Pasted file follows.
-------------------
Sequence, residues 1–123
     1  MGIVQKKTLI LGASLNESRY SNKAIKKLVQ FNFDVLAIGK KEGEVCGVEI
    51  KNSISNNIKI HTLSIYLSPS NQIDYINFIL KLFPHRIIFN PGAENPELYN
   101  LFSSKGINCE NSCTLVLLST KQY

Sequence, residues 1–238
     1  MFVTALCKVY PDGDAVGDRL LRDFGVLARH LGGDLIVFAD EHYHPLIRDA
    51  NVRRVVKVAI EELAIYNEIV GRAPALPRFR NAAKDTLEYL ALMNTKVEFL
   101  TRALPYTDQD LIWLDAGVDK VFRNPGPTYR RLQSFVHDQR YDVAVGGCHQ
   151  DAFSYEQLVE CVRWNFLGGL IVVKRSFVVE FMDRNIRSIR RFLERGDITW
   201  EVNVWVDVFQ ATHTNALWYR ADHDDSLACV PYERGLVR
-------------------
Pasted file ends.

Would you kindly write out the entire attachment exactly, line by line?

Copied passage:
Sequence, residues 1–123
     1  MGIVQKKTLI LGASLNESRY SNKAIKKLVQ FNFDVLAIGK KEGEVCGVEI
    51  KNSISNNIKI HTLSIYLSPS NQIDYINFIL KLFPHRIIFN PGAENPELYN
   101  LFSSKGINCE NSCTLVLLST KQY

Sequence, residues 1–238
     1  MFVTALCKVY PDGDAVGDRL LRDFGVLARH LGGDLIVFAD EHYHPLIRDA
    51  NVRRVVKVAI EELAIYNEIV GRAPALPRFR NAAKDTLEYL ALMNTKVEFL
   101  TRALPYTDQD LIWLDAGVDK VFRNPGPTYR RLQSFVHDQR YDVAVGGCHQ
   151  DAFSYEQLVE CVRWNFLGGL IVVKRSFVVE FMDRNIRSIR RFLERGDITW
   201  EVNVWVDVFQ ATHTNALWYR ADHDDSLACV PYERGLVR